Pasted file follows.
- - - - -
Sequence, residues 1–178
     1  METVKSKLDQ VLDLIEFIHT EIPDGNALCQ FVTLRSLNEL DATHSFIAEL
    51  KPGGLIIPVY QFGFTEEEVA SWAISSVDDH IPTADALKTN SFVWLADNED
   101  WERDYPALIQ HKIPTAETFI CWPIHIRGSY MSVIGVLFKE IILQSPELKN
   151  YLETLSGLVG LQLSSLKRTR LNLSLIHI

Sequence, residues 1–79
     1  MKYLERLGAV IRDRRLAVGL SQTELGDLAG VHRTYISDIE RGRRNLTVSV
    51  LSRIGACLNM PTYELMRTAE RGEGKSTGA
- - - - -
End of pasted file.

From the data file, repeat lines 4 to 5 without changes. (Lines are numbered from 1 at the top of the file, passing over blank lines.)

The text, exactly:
   101  WERDYPALIQ HKIPTAETFI CWPIHIRGSY MSVIGVLFKE IILQSPELKN
   151  YLETLSGLVG LQLSSLKRTR LNLSLIHI